If you’re independent through work

You may be an independent student if you support yourself through paid work.

There’re a few different ways you may be independent through paid work.

Seasonal agricultural work for students

You may be independent if you earn at least $15,000 from seasonal agricultural work before 31 December 2021.

You can claim independence this way from 1 March 2021 if you can show all of the following:

  • you earned the money from approved agricultural work
  • you earned it between 30 November 2020 and 31 December 2021
  • your parents’ or guardians’ income is below a certain amount for either the 2018-2019 or 2019-2020 financial years.

Approved agricultural work includes:

  • picking or packing fruit or vegetable crops
  • planting, pruning, irrigating and harvesting crops and packing them into boxes
  • pruning and trimming vines and trees in order to cultivate and sell produce such as commercial fruit and nut crops
  • work on a dairy farm including herding, feeding or milking cows, operating milking equipment, cleaning the milking plant and yards
  • farmhand work including feeding livestock, herding livestock and cleaning pens, cages and yards
  • work in a shearing shed such as shearing sheep.

Some work won’t be approved, even if it’s done on a farm. For example:

  • working as a nanny on a cattle farm
  • wine-making, brewing, distilling, or giving wine tastings at a vineyard
  • producing smallgoods
  • producing dairy products such as yoghurt, condensed milk, flavoured milk or sour cream
  • painting or maintaining barns, sheds or other property
  • driving produce to a mill or market.

When you claim, you’ll need to give us evidence of what type of approved agricultural work you did. This needs to be work you did between 30 November 2020 and 31 December 2021.

Evidence to show the type of work you did may include:

  • a letter from your employer, on a company letterhead if they have one
  • an employment agreement or contract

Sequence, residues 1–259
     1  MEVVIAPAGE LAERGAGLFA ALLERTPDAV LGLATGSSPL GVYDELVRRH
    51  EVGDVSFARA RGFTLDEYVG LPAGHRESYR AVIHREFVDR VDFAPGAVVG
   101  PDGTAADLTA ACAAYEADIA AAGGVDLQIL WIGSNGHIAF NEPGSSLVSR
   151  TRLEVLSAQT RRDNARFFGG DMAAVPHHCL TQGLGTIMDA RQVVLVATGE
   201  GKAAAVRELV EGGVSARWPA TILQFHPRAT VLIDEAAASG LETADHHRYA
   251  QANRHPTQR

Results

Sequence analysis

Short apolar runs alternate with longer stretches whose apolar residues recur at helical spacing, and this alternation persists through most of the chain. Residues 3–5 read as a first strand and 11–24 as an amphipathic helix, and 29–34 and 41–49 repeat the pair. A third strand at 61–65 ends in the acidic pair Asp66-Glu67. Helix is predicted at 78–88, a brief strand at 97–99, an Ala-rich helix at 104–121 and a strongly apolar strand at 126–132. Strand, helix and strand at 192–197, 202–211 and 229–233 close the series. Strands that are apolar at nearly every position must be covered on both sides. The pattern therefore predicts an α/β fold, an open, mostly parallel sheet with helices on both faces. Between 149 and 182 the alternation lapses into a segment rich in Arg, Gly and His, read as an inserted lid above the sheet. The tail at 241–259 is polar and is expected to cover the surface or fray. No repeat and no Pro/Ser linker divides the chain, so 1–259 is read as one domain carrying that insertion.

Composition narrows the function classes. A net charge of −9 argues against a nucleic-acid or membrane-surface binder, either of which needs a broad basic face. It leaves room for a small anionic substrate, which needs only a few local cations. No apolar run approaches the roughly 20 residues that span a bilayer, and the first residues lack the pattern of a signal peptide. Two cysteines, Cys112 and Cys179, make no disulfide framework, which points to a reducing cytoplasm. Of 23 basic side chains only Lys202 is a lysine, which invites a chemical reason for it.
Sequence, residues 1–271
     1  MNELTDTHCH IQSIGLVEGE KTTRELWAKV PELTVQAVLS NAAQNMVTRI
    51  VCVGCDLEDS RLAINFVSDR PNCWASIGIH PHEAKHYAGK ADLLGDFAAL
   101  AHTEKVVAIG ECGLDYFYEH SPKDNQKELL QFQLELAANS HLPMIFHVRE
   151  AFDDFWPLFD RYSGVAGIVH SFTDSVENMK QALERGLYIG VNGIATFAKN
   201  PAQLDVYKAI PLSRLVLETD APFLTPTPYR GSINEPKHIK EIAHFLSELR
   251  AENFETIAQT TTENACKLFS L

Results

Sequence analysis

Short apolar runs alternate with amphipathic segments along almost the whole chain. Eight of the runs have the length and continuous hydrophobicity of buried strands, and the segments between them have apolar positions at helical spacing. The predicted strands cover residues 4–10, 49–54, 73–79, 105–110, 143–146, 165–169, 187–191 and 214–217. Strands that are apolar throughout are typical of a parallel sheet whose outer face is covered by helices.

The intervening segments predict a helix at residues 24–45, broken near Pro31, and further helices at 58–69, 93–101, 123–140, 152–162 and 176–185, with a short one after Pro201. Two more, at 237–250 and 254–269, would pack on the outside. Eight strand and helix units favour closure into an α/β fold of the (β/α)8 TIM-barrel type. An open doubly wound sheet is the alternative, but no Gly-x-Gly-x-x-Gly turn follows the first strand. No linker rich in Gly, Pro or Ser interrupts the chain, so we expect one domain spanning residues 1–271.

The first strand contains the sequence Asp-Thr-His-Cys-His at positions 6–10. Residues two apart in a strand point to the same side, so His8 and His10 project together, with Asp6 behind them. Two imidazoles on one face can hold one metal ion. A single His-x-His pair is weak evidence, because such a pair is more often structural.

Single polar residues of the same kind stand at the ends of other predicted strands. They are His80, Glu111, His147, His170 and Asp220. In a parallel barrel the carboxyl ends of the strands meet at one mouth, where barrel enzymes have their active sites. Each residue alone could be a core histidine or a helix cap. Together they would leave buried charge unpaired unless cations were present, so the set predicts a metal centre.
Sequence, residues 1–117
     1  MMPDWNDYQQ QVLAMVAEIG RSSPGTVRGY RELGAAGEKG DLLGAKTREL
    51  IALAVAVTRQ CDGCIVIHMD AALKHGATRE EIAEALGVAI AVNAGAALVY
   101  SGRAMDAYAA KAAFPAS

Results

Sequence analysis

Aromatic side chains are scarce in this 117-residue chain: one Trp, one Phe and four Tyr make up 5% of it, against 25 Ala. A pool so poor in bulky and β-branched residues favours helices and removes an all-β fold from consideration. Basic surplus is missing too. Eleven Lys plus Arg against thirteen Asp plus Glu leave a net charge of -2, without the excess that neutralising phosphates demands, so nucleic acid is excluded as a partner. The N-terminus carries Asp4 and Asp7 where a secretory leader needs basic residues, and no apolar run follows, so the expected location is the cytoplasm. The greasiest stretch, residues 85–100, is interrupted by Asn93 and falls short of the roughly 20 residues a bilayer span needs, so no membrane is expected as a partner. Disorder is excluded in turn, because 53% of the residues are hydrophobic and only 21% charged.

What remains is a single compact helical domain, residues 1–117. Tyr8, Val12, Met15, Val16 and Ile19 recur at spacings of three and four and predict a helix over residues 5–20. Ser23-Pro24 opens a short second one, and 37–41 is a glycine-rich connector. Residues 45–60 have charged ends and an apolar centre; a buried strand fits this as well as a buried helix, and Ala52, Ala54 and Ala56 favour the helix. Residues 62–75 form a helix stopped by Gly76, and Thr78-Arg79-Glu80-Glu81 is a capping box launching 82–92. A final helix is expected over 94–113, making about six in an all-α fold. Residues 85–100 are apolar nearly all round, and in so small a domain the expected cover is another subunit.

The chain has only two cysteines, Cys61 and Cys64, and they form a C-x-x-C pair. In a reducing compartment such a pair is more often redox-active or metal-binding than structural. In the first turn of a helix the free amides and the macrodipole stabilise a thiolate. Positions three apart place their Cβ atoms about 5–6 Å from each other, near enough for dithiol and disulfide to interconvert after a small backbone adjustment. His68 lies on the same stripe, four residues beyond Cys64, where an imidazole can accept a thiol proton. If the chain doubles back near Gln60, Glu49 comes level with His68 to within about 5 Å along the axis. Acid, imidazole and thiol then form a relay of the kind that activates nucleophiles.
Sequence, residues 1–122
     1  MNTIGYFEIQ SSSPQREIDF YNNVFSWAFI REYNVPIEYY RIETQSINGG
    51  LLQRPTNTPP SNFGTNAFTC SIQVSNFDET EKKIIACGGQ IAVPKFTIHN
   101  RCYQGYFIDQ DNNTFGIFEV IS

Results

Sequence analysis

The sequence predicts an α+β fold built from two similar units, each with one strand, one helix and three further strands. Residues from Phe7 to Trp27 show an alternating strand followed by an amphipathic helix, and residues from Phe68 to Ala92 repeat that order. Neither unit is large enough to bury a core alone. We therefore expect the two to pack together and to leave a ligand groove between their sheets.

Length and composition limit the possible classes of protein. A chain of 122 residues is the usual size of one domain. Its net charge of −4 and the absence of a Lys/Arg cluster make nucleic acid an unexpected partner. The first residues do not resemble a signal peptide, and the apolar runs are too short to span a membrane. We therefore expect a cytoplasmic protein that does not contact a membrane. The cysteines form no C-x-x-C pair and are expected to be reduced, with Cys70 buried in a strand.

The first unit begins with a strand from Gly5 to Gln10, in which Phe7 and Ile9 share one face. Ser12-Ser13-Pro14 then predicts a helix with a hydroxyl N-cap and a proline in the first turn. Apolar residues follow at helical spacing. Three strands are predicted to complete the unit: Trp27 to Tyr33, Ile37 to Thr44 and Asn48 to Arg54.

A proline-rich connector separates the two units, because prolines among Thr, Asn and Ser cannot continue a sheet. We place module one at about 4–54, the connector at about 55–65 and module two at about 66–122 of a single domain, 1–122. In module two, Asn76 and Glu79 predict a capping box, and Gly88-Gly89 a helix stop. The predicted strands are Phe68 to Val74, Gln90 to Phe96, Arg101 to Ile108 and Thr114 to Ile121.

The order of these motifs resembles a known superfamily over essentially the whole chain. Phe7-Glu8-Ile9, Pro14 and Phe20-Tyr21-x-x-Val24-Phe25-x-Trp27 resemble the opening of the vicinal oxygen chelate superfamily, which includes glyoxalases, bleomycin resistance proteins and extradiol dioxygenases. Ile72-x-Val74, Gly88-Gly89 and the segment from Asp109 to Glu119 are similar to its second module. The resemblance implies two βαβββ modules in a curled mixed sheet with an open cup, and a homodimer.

• a Relocation Assistance agreement as described on the JobSearch website.

You’ll also need to give us evidence of the amount of money you earned. Your gross earnings need to be at least $15,000 between 30 November 2020 and 31 December 2021. Gross earnings are your earnings before tax is taken out. Evidence of earnings may include:

  • payslips
  • a letter from your employer, on a company letterhead if they have one
  • payment summaries
  • payroll report
  • profit and loss statement
  • tax returns
  • receipts for work done.

This form of independence also depends on your parents’ or guardians’ income.

Full time work

You must work full time, for at least 18 months within any 2 year period. You don’t need to work for 18 months in a row, or in the same job. Full time work is an average of 30 hours a week.

You may not work 30 hours every week. If this is the case, you can average your work hours over a period of up to 13 weeks.

Paid work includes:

  • paid leave
  • overseas work
  • unpaid leave due to employer shutdown outside of your control
  • full time apprenticeships and traineeships.

See if you’re considered independent using the check independence through work history tool.

Impacts of coronavirus (COVID-19)

For claims lodged from 1 January 2021, we recognise that coronavirus (COVID-19) has affected work in 2020. If you claim as independent through work from this date, we’ll consider you fulfilled your work requirements for 6 months. This means you include the period of 25 March 2020 to 24 September 2020 in the time you worked. Because we do this automatically, you don’t need to tell us and you won’t need to provide proof.